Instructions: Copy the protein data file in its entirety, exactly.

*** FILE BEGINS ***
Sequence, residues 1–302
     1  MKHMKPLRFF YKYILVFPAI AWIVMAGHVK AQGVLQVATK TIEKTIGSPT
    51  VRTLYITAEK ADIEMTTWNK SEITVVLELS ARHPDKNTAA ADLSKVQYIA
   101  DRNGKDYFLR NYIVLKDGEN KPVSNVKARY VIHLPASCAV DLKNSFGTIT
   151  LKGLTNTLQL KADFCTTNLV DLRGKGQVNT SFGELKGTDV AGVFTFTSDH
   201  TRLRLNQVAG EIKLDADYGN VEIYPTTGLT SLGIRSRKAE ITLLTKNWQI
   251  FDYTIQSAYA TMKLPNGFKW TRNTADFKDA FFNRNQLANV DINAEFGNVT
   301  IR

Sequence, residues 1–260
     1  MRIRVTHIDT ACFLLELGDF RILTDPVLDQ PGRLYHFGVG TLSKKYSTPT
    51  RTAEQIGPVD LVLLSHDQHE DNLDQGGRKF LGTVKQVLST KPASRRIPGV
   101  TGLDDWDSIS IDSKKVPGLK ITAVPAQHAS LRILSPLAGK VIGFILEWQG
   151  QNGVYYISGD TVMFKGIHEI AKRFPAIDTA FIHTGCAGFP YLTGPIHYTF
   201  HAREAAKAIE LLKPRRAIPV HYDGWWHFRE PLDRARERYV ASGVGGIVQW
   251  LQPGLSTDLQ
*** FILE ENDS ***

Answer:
Sequence, residues 1–302
     1  MKHMKPLRFF YKYILVFPAI AWIVMAGHVK AQGVLQVATK TIEKTIGSPT
    51  VRTLYITAEK ADIEMTTWNK SEITVVLELS ARHPDKNTAA ADLSKVQYIA
   101  DRNGKDYFLR NYIVLKDGEN KPVSNVKARY VIHLPASCAV DLKNSFGTIT
   151  LKGLTNTLQL KADFCTTNLV DLRGKGQVNT SFGELKGTDV AGVFTFTSDH
   201  TRLRLNQVAG EIKLDADYGN VEIYPTTGLT SLGIRSRKAE ITLLTKNWQI
   251  FDYTIQSAYA TMKLPNGFKW TRNTADFKDA FFNRNQLANV DINAEFGNVT
   301  IR

Sequence, residues 1–260
     1  MRIRVTHIDT ACFLLELGDF RILTDPVLDQ PGRLYHFGVG TLSKKYSTPT
    51  RTAEQIGPVD LVLLSHDQHE DNLDQGGRKF LGTVKQVLST KPASRRIPGV
   101  TGLDDWDSIS IDSKKVPGLK ITAVPAQHAS LRILSPLAGK VIGFILEWQG
   151  QNGVYYISGD TVMFKGIHEI AKRFPAIDTA FIHTGCAGFP YLTGPIHYTF
   201  HAREAAKAIE LLKPRRAIPV HYDGWWHFRE PLDRARERYV ASGVGGIVQW
   251  LQPGLSTDLQ